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Russian Railways is developing technical requirements for high-speed trains on high-speed lines

The participants of the IX International Rail Business Forum “1520 Strategic Partnership” have discussed the integration of high-speed lines into the single Russian railway network. They paid particular attention to the European experience of operating the infrastructure and rolling stock of high-speed ​​lines and the technical solutions used on European railways.

Valentin Gapanovich, Senior Vice-President for Innovation Development and Chief Engineer at Russian Railways, said that the Company is currently engaged in the development of technical requirements for high-speed trains to run on Russian high-speed ​​lines. The requirements will be completed by the end of 2014.

The work is being carried out on the basis of international experience, as well as the Company’s own experience in operating the high-speed Sapsan trains in Russia. It assumes speeds of up to 400 kph and the operation of rolling stock at temperatures ranging from -45 to +45 degrees.

Leading specialised research institutes are also working on the development, including JSC VNIIZhT, OAO NIIAS, OAO VNIKTI, consulting companies and rolling stock manufacturers.

The participants also discussed the trends in the development of high-speed rolling stock under contemporary conditions. The total length of high-speed railway lines around the world has already exceeded 21,000 km. In Europe, the longest high-speed ​​lines are in Spain, France, Germany and Italy.

As Niko Warbanoff, Business Development Director at Deutsche Bahn, noted in his speech, Germany’s network of high-speed railway lines is integrated into the existing railway lines, and many lines carried a mixture of trains, such as high-speed, express and regional trains etc.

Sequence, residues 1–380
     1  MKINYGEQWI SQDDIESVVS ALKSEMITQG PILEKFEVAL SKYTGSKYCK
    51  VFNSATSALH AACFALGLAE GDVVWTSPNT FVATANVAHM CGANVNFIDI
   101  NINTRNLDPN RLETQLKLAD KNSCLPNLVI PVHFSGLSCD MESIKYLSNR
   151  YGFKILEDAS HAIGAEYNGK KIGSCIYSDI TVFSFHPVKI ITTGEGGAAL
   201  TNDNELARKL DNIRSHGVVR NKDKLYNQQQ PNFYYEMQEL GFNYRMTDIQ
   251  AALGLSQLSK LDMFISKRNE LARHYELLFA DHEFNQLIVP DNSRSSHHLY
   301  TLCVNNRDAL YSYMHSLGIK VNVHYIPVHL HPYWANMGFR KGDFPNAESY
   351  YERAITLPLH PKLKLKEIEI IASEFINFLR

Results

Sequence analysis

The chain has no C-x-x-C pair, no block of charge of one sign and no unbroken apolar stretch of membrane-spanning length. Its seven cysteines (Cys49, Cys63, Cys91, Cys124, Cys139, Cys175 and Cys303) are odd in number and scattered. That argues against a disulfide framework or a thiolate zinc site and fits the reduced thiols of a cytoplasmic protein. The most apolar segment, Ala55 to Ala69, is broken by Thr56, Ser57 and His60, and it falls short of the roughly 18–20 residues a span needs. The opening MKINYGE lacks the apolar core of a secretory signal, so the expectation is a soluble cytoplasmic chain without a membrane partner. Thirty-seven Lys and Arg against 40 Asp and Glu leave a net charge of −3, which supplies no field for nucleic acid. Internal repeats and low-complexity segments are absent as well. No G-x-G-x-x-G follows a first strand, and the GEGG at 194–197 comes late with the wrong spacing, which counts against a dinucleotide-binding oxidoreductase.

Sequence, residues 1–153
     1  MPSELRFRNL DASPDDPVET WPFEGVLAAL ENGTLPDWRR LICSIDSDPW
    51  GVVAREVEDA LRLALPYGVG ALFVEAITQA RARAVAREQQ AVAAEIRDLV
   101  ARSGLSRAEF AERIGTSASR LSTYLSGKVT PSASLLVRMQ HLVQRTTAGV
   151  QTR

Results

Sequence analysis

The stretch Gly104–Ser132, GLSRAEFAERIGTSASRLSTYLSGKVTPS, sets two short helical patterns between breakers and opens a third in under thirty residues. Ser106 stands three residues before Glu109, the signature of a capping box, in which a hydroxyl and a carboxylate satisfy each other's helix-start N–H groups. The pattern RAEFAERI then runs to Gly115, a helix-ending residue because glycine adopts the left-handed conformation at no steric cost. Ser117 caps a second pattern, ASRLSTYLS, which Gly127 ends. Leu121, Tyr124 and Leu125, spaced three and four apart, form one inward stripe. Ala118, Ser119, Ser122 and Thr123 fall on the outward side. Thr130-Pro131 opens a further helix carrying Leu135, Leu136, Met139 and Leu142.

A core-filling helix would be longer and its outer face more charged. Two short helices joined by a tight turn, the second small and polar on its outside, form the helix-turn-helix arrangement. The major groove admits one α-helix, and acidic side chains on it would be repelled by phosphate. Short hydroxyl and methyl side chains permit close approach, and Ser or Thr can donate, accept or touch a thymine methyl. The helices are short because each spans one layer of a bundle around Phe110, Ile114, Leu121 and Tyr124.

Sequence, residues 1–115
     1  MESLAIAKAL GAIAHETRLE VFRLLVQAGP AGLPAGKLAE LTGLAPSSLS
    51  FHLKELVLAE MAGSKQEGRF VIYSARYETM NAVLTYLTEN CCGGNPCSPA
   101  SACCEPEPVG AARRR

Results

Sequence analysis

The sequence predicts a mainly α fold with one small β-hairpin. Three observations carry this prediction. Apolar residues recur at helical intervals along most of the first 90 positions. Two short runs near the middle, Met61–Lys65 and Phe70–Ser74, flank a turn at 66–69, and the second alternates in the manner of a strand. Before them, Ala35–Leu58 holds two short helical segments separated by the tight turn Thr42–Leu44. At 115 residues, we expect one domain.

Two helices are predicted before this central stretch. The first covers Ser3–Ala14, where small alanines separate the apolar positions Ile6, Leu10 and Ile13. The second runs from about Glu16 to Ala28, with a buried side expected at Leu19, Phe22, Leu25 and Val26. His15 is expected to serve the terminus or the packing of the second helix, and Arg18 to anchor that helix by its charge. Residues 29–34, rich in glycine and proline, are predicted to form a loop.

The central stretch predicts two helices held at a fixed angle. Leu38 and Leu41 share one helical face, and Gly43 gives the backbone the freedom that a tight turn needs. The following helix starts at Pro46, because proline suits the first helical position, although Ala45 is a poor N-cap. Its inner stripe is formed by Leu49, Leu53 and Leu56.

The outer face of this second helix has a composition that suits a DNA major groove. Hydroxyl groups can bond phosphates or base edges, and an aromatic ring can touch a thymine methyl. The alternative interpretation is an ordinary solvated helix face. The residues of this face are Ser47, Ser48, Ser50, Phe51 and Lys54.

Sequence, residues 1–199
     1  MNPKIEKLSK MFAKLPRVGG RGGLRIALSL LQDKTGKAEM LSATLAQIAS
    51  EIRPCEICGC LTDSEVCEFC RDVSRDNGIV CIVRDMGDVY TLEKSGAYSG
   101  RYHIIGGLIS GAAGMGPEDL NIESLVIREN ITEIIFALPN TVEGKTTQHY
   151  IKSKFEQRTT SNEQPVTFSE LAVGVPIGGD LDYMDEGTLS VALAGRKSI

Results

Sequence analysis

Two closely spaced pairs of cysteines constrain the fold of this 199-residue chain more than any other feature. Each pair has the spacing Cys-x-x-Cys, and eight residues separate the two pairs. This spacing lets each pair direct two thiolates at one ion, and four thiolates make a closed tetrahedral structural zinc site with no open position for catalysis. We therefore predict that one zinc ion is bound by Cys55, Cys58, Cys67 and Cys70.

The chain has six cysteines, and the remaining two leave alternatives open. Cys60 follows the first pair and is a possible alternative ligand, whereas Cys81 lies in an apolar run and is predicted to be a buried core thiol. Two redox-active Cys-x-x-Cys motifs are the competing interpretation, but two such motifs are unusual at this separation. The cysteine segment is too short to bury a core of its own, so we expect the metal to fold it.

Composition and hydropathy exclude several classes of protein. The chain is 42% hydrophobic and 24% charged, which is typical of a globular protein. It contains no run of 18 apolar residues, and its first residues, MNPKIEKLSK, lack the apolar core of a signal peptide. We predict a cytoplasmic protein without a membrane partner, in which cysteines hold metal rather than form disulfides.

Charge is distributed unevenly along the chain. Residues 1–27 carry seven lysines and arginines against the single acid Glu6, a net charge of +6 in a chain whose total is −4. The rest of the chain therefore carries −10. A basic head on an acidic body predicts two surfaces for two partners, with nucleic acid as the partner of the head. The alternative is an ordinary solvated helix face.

The construction of dedicated lines is rather expensive, so high-speed trains in Germany, as well as in Russia, run not only on dedicated lines, but also on upgraded lines at speeds of between 200-230 kph, such as the Hanover – Hamburg, Berlin – Hamburg lines and others.

However, the fully-fledged operation of high-speed trains requires the creation of a dedicated infrastructure which ensures the highest level of reliability and safety and maximum passenger comfort. The first specialised high-speed lines in Germany were laid between Frankfurt and Cologne in 1991.

Solving these problems is possible only by using the latest technologies and tools. Russian Railways has therefore established a project office as part of the investment project “Construction of the Moscow – Kazan High-Speed Line” in order to ensure their successful integration. It consists of Company vice presidents and senior managers in charge of finance and economics and handles the development of passenger transport, infrastructure operation, the transportation process, innovative development, construction, cooperation with authorities and training etc.

The Project Office coordinates the development of project parameters and the mechanisms for their implementation. Its ​​responsibilities also include the development of the technical, technological and information solutions to be used in the construction and operation of high-speed ​​lines, as well as proposals for relevant research.

High-speed ​​lines in Russia will be built parallel to the existing lines and will carry intensive passenger and cargo traffic.

The production of parts of the permanent way and rolling stock etc. will be localised in Russia – Russian industry is already preparing for the introduction of high technology.

As a successful example, Valentin Gapanovich cited the Lastochka electric train, which is produced by Ural Locomotives in the town of Upper Pyshma, as an example of localising production in a joint project with the German company Siemens.

In late May 2014, the factory produced the first Russian Lastochka train with a localisation level of 65%, while domestic enterprises manufactured high-tech products with high added value. In the future, the level of localisation will rise to 85%.

The project involves more than 160 Russian enterprises and will create 10,000 new jobs.

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